Academic journal article International Review of Mission

Hosts and Guests: Hospitality as an Emerging Paradigm in Mission

Academic journal article International Review of Mission

Hosts and Guests: Hospitality as an Emerging Paradigm in Mission

Article excerpt


In recent years, hospitaly has turned into a central term in missiological discussions integrating several aspects of missiological reftection. The essay summarizes how the dialectic between host and guest builds a central thread throughout the biblical narralive and explores how the dual role of missionaries as hosts and guests opens new dimensions of missionary existence and self-understanding. On the one hand, the role of the missionary as guest emphasizes the missionary's vulnerabilily and voluntary submission to the cultural and contextual rules. It thus implies a humility that stands in contrast to any spirit of conquest. On the other hand, missionaries who understand their role as one of host show a readiness for disruption and openness to the sacramental quality of a guest that possibly allows an encounter with God. Hospitality thus re-enacts a basic movement of faith, the movement of receiving the alien word of God. In a final reflection, the essay considers a contradiction inherent in the concept of hospitality, as pointed out by the French philosopher Jacques Derrida, the contradiction between openness to those in need of hospitality and the host's dependence on power and control in order to host people.


Some years ago, I spent a couple of weeks as seasonal pastor in the Swiss mountain resort of Zermatt. While there, I visited the local museum and learnt how the grand hotels of this resort village root in the church's practice of hospitality: When the first mountaineers arrived, they naturally used to stay in the local pastor's house. Over time, the increasing number of tourists forced the local pastor to establish hotels to accommodate visitors to Zermatt. The visit to the museum prompted me to rethink the important link between hospitality and Christian faith.

This insight came back to me at a recent meeting of an ecumenical working group discussing the meeting of the World Council of Churches' Commission on World Mission and Evangelism of March 2012 in Manila rifled "Together towards Fullness of Life." One of the emerging paradigms that played a role in Manila and integrated several aspects of missiological reflection was hospitality. In fact, hospitality has, in recent years, turned into a central term of missiological discussion) The concept naturally leads to its dialectic counterpart, the side of the guest and stranger.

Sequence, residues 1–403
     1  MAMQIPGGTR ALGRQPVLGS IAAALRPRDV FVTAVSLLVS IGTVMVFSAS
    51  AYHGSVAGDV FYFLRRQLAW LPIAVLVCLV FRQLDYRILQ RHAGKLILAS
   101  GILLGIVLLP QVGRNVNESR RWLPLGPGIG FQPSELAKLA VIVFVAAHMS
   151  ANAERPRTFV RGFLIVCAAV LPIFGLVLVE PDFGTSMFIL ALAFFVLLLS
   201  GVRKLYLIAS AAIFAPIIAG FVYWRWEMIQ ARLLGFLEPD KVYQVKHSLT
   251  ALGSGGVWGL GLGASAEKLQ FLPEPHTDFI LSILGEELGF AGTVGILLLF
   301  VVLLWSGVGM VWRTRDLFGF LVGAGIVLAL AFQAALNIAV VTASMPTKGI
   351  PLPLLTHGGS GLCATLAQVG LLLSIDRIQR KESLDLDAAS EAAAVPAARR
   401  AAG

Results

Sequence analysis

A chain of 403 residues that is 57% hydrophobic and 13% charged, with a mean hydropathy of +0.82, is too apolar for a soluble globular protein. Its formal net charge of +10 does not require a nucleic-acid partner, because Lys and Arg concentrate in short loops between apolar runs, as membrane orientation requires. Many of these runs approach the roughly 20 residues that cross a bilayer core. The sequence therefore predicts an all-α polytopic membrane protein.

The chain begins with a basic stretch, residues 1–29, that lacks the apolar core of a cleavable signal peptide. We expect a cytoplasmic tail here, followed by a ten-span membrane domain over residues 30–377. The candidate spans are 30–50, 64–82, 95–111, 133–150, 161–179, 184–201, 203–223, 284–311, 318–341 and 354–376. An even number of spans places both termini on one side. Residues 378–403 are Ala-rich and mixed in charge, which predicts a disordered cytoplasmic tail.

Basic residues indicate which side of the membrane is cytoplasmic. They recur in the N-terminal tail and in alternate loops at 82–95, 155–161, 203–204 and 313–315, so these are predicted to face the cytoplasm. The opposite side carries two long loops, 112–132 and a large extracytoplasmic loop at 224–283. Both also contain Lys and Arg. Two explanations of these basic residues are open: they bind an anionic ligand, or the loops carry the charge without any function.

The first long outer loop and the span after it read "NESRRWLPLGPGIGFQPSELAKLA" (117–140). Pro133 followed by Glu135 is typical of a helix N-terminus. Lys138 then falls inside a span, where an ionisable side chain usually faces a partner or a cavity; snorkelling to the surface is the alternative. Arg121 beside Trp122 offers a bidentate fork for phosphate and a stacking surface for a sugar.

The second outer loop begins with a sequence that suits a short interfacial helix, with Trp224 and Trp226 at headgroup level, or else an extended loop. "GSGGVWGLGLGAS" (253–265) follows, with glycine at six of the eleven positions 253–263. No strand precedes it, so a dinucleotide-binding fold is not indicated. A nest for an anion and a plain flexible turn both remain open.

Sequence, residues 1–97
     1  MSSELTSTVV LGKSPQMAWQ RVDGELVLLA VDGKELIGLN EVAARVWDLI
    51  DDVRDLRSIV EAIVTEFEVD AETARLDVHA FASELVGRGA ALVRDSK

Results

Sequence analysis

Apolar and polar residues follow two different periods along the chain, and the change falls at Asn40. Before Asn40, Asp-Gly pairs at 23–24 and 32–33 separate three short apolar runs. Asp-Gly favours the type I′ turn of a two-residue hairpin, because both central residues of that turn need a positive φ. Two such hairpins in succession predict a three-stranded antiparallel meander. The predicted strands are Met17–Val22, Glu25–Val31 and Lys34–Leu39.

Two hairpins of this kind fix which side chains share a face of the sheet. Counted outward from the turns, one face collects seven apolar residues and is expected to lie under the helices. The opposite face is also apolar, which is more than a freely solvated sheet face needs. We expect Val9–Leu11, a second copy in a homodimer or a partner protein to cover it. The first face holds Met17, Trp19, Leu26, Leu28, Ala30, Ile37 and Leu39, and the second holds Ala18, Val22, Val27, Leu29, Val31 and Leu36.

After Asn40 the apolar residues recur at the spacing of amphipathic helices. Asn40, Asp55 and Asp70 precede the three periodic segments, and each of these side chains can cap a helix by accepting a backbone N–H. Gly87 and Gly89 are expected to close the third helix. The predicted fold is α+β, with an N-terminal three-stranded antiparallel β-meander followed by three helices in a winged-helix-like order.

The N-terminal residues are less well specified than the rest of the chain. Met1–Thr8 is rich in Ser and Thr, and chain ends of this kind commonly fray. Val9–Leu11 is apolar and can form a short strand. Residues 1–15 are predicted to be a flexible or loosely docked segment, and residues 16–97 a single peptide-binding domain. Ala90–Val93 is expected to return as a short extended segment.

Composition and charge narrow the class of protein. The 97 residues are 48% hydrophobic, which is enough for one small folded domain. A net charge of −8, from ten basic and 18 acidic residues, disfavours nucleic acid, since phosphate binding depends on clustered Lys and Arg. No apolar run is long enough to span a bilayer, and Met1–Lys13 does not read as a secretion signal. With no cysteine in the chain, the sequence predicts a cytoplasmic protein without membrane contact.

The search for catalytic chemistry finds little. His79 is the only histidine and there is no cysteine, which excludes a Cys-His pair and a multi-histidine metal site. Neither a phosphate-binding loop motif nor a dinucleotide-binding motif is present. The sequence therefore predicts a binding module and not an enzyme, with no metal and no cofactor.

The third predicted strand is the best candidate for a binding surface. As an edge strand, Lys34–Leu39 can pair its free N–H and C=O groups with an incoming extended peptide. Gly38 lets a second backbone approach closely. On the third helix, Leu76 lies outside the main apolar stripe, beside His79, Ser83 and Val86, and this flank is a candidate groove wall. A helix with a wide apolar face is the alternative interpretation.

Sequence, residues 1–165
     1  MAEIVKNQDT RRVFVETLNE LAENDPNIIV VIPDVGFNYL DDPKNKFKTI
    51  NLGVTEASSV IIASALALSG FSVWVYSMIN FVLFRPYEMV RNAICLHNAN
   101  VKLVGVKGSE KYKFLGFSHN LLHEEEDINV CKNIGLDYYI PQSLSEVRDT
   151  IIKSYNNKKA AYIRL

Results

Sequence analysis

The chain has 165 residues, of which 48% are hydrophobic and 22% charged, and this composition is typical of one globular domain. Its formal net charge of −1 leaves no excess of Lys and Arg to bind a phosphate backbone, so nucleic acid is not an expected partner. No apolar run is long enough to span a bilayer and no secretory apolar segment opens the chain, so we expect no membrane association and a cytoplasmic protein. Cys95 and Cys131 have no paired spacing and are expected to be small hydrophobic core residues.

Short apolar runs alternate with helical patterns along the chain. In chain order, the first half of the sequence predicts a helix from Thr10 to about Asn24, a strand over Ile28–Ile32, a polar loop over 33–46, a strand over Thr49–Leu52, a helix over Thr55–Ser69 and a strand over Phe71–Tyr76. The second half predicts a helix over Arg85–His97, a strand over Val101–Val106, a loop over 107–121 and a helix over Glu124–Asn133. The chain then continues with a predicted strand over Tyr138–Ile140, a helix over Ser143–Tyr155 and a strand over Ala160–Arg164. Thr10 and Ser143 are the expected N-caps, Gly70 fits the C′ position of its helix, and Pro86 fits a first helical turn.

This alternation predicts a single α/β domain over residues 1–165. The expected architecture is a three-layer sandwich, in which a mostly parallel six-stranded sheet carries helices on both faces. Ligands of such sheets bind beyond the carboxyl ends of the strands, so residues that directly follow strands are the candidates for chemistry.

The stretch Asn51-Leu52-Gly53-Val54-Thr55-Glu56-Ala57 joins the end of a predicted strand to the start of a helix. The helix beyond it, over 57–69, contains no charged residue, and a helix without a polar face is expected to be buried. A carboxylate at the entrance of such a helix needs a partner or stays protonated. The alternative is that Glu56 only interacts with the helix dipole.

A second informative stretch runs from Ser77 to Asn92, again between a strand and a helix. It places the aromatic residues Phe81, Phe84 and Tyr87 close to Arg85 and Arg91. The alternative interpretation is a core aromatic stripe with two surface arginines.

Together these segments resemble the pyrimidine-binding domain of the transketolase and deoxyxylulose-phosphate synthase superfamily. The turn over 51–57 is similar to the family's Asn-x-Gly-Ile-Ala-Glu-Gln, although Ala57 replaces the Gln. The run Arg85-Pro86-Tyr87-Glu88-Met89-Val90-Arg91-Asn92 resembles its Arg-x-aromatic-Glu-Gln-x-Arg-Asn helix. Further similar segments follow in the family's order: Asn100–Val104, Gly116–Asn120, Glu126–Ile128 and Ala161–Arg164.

A biblical tradition of hosts and strangers

The dialectic of hosting and visiting is a central thread throughout the biblical tradition and offers a key to reading the whole story of the Bible. Abraham left his home to become a vulnerable stranger, dependent on a hospitable reception from the residents of an alien land. The Israelites, who had once arrived as guests in Egypt, became slaves and experienced the low point of this dialectic. After Israel had established itself as a nation, the prophets reminded God's people of their nomadic roots, and the law of Moses frequently admonished them to care for the stranger (Deut. 24:17ff). During the Babylonian captivity, Israel had a renewed experience of being enslaved strangers. (2) All through the story of Israel we find an awareness of a deeper dimension of hospitality, possibly bringing surprising encounters with transcendence: Abraham encounters God's angels in the three visitors (Gen. 18); a poor widow encounters a messenger of God by receiving Elijah in her poor house (1 Kings 17). Against the background of such experiences--guests who depend on the hospitality of local people in a foreign land, and hosts who may encounter transcendence in the stranger--hospitality turns into a central element of Old Testament ethics. (3)

The New Testament extends this tradition with the story of the disciples who encounter the resurrected Christ in a stranger they meet on their way to Emmaus and then host when night falls (Luke 24:13-35). The ultimate ground for the dialectic of host and guest is revealed in Christ, in whom alien transcendence became flesh to live as a guest among us (John 1:14), and who invites us as the host to his festive banquets, the past ones during his lifetime, the present ones around the Eucharistic table, and the future eschatological banquet. …

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